The Innovative Weather program at the University of Wisconsin—Milwaukee (UWM) is a weather service provider, staffed 24 hours per day and seven days per week by paid upper-level undergraduate and graduate students, a fulltime academic staff member as director of operations, one other full-time-equivalent academic staff member, and one faculty member to oversee the program and manage research activities. Innovative Weather coordinates the needs of a select group of community clients exposed to weather-related risks with the research and operational expertise that exists at the university. Through the program, students broaden their academic studies into the realm of operational and applied research meteorology. Students provide key input to client decisions worth thousands of dollars and learn how to communicate credibly this high-value information.

The program, initiated with fiscal backing from the UWM College of Letters and Sciences, has in two years developed a paying client list that includes major representatives in energy, metropolitan sewage treatment, education, transportation, and the media. By partnering with community clients, new research opportunities and resources become available that leverage traditional funding sources and ensure ongoing student involvement with demonstrated positive impact on student education and students' subsequent career choices. The direct use of the operational tools and products by clients provides important feedback that benefits the research. In addition to the many benefits of the program, the challenges to developing and maintaining such an entity within the fiscal and bureaucratic constraints of a public university are discussed.

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Walter F. Dabberdt, Jeremy Hales, Steven Zubrick, Andrew Crook, Witold Krajewski, J. Christopher Doran, Cynthia Mueller, Clark King, Ronald N. Keener, Robert Bornstein, David Rodenhuis, Paul Kocin, Michael A. Rossetti, Fred Sharrocks, and Ellis M. Stanley Sr.

The 10th Prospectus Development Team (PDT-10) of the U.S. Weather Research Program was charged with identifying research needs and opportunities related to the short-term prediction of weather and air quality in urban forecast zones. Weather has special and significant impacts on large numbers of the U.S. population who live in major urban areas. It is recognized that urban users have different weather information needs than do their rural counterparts. Further, large urban areas can impact local weather and hydrologic processes in various ways. The recommendations of the team emphasize that human life and well-being in urban areas can be protected and enjoyed to a significantly greater degree. In particular, PDT-10 supports the need for 1) improved access to real-time weather information, 2) improved tailoring of weather data to the specific needs of individual user groups, and 3) more user-specific forecasts of weather and air quality. Specific recommendations fall within nine thematic areas: 1) development of a user-oriented weather database; 2) focused research on the impacts of visibility and icing on transportation; 3) improved understanding and forecasting of winter storms; 4) improved understanding and forecasting of convective storms; 5) improved forecasting of intense/severe lightning; 6) further research into the impacts of large urban areas on the location and intensity of urban convection; 7) focused research on the application of mesoscale forecasting in support of emergency response and air quality; 8) quantification and reduction of uncertainty in hydrological, meteorological, and air quality modeling; and 9) the need for improved observing systems. An overarching recommendation of PDT-10 is that research into understanding and predicting weather impacts in urban areas should receive increased emphasis by the atmospheric science community at large, and that urban weather should be a focal point of the U.S. Weather Research Program.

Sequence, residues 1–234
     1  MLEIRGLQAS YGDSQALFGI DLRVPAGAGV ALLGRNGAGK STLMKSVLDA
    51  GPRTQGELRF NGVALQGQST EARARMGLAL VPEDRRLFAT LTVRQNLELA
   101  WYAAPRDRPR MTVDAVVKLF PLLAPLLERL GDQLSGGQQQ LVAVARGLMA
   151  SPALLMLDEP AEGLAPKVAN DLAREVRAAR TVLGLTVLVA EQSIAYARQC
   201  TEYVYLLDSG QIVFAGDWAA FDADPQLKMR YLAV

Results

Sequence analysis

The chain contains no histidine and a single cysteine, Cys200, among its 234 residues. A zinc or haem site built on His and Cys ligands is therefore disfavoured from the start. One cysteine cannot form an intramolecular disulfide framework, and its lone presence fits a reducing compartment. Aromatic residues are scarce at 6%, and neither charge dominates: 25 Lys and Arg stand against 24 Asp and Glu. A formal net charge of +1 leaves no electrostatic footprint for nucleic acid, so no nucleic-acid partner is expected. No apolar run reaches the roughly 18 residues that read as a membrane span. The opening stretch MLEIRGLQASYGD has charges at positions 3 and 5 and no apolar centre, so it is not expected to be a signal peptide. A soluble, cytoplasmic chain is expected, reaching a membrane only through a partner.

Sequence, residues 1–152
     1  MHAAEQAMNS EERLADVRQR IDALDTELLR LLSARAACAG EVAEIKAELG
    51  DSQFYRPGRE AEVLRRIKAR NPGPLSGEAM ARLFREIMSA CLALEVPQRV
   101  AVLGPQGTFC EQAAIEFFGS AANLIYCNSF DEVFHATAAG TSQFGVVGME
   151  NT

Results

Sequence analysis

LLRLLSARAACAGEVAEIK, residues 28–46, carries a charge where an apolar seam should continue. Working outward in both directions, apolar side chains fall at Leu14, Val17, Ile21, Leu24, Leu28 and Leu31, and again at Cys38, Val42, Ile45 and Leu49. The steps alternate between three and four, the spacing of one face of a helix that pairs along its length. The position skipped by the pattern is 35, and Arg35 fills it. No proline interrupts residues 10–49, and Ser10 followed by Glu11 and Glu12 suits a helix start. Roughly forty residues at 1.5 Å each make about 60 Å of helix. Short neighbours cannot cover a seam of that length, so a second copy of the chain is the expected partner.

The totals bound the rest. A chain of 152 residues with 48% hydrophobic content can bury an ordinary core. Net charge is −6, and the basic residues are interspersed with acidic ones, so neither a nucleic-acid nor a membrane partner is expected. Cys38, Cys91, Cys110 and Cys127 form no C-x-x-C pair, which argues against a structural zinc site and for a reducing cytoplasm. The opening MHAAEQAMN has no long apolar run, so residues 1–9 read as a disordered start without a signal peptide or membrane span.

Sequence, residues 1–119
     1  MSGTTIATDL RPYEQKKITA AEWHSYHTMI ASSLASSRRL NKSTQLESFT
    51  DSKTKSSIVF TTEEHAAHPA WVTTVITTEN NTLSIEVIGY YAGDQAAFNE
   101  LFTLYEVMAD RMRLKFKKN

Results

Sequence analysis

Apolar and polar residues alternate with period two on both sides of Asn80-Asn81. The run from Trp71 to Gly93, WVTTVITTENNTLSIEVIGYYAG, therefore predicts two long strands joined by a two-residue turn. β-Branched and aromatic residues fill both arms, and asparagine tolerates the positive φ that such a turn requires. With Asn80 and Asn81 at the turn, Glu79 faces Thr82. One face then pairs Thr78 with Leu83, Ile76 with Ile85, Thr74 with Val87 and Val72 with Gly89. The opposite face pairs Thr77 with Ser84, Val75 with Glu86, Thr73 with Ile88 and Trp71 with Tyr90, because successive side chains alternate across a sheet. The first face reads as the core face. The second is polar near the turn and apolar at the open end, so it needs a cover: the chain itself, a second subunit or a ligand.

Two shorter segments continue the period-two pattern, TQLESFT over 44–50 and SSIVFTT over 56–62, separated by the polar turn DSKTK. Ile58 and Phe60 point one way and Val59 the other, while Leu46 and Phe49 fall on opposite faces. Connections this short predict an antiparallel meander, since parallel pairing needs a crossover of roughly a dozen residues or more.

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The Cyclonic Disturbances of the Sub-Tropical Eastern North Atlantic

Adapted from Parts II and III of “Variations of Pressure and Wind; A Treatise on the Weather of the Trade Wind Region of the Eastern North Atlantic,” by Walter Piersig, Aus dem Archiv d. deutschen Seewarte, Bd. 54, No. 6, 1936.

The “Hoffmeyer Charts”, a joint publication of the Deutsche Seewarte and the Netherlands Meteorological Institute, covering the years 1881–1911, offer an extraordinary opportunity to study the types and behavior of pressure disturbances which form in the trade-wind belt of the eastern North Atlantic. Such disturbances occur relatively infrequently, so that they can only be studied when data from such a long period of years is available.

A systematic review of the “Hoffmeyer Charts” revealed that there are four principal types of disturbances, none of which is as intense in character as middle latitude cyclones, but which nevertheless have definite types of weather phenomena associated with them which may be of considerable significance to ocean and air transportation. These disturbances were classified as follows: Type 1 is a low pressure area centered in middle or higher latitudes of the North Atlantic Ocean, whose influence, however, extends as far south as 25° N. Lat. or more: Type 2 is a disturbance centered at about 30°N, 30°W. Both type 1 and 2 derive from middle latitude disturbances, and usually begin as a secondary. Type 3 is a low-pressure center near the Canary Islands, which may originate on the West African coast south of 20° N and move westward toward the Canaries, or may originate near the Canaries and travel eastward along the same route, or, as is most frequently the case, may originate near or just north of the Canaries, expand or fill up on the spot, or perhaps attach itself to a low moving eastward in higher latitudes. Type 4 is a low on the West African coast between 5° and 20° N which moves westward. These usually move along the southern edge of the trade-wind belt.

“The tracks and monthly frequency of disturbances of these various types is discussed in considerable detail, as well as the duration and tendency to repetition. A detailed synoptic analysis of a type 4 disturbance is given.”